BECAUSE I could not stop for Death,
He kindly stopped for me;
The carriage held but just ourselves
We slowly drove, he knew no haste,
And I had put away
My labor, and my leisure too,
For his civility.
We passed the school where children played,
Their lessons scarcely done;
We passed the fields of gazing grain,
We passed the setting sun.
We paused before a house that seemed
A swelling of the ground;
The roof was scarcely visible,
The cornice but a mound.
Since then ’t is centuries; but each
Feels shorter than the day;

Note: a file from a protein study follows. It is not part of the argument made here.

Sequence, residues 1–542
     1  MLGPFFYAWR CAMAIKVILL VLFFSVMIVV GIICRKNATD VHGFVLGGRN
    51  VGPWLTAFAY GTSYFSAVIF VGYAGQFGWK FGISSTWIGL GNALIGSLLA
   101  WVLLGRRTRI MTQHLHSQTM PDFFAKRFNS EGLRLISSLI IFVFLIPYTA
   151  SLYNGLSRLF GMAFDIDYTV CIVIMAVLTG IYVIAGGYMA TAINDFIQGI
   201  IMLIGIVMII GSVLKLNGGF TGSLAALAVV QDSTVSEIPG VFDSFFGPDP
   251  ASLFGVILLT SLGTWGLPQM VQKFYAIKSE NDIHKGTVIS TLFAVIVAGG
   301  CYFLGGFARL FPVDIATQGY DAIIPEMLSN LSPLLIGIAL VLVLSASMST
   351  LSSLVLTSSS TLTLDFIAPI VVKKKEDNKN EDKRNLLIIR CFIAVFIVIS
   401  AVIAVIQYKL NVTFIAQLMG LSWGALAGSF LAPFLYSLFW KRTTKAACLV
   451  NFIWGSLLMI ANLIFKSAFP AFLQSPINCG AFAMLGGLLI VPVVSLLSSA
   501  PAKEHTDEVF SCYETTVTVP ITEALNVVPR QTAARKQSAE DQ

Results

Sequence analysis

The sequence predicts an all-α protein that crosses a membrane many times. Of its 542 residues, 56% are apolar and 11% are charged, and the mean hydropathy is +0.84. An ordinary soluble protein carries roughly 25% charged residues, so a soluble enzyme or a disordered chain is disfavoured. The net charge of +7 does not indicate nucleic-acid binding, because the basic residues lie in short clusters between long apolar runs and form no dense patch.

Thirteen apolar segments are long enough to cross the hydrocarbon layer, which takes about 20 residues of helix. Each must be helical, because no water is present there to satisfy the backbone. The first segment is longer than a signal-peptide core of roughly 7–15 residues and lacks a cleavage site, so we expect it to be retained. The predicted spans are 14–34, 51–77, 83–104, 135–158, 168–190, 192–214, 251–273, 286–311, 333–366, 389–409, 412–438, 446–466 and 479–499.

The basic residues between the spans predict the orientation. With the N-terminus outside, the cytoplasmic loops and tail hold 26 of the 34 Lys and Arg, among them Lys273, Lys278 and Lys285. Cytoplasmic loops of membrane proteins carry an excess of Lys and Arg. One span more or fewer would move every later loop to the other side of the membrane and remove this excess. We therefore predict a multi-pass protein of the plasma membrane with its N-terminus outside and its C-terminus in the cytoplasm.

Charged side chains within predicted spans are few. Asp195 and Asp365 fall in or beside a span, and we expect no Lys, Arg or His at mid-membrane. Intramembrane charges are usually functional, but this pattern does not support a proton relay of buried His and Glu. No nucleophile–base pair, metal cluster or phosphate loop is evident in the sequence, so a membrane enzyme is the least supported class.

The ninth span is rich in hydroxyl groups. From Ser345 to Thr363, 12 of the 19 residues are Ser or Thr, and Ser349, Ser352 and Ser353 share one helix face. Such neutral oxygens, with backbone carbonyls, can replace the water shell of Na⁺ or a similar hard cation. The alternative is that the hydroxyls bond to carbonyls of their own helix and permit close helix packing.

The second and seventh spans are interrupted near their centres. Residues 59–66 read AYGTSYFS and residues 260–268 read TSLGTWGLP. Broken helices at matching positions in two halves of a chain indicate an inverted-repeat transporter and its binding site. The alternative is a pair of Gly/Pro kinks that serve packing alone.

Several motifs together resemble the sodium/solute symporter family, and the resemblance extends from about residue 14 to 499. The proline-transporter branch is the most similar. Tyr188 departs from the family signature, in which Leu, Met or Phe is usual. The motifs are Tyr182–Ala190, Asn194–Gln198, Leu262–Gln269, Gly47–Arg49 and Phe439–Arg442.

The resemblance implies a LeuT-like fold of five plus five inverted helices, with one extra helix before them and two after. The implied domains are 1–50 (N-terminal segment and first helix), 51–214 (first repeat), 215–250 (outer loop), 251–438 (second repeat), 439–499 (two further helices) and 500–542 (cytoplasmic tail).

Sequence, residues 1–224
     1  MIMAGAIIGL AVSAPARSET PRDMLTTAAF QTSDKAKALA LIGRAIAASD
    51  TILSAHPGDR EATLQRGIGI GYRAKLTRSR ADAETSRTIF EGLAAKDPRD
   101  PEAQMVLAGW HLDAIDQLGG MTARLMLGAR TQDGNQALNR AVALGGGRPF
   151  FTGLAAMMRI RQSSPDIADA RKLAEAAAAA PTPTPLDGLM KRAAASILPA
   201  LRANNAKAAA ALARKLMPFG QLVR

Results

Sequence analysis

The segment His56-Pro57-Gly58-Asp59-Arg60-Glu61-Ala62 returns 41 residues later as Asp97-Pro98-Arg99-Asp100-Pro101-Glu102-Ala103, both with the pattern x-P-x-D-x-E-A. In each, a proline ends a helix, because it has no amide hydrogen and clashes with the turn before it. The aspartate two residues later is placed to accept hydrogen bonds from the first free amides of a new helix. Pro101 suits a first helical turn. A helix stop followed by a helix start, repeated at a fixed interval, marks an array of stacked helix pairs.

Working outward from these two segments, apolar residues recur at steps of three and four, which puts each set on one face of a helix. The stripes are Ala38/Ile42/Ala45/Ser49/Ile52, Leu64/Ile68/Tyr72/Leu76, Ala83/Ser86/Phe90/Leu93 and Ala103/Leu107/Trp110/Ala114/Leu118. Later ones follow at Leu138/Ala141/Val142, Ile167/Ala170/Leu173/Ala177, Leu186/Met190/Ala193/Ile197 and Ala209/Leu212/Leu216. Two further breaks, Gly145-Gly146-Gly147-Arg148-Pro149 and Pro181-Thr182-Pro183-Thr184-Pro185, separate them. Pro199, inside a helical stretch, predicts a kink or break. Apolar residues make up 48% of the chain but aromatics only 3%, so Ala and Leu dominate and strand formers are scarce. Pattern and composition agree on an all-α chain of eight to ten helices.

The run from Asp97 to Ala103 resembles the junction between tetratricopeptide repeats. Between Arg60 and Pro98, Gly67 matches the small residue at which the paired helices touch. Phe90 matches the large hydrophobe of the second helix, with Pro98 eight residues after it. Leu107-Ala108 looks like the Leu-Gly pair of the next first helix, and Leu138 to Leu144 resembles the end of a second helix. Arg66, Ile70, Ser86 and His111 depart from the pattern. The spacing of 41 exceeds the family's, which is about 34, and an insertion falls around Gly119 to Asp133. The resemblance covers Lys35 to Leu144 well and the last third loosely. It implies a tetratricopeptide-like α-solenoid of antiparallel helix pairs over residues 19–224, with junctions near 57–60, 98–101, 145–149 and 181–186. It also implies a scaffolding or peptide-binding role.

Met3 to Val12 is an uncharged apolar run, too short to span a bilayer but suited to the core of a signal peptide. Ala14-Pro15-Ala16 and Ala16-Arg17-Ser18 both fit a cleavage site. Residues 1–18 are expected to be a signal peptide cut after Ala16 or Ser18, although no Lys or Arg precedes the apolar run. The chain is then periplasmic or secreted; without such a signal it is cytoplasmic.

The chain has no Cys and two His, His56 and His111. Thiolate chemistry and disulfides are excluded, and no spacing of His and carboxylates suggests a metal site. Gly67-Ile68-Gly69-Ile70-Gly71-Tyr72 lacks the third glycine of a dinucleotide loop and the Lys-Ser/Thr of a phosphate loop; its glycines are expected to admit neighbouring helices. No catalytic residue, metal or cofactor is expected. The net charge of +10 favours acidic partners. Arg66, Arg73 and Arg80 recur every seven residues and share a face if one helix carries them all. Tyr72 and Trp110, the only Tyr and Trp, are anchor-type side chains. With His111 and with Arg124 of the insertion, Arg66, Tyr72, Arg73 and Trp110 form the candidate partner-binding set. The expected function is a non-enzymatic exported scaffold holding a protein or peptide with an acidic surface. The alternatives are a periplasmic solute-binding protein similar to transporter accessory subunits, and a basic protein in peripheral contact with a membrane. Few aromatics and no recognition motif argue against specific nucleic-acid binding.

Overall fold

I first surmised, the horses’ heads
Were toward eternity.
First print Time and Eternity poem XXVII, 27
Johnson 712 | Franklin 479
■→Poems, first print by Higginson and Todd, page 138;
Syntagmatic comma, Since then ’t is centuries; / I first surmised, the horses heads…
Please compare ■→About Many Things.
A D V E R T I S E M E N T
The world may never have seen her original handwriting, if her skill was taken for supernatural. Feel welcome to Poems by Emily Dickinson prepared for print by Teresa Pelka: thematic stanzas, notes on the Greek and Latin inspiration, the correlative with Webster 1828, and the Aristotelian motif, Things perpetual — these are not in time, but in eternity.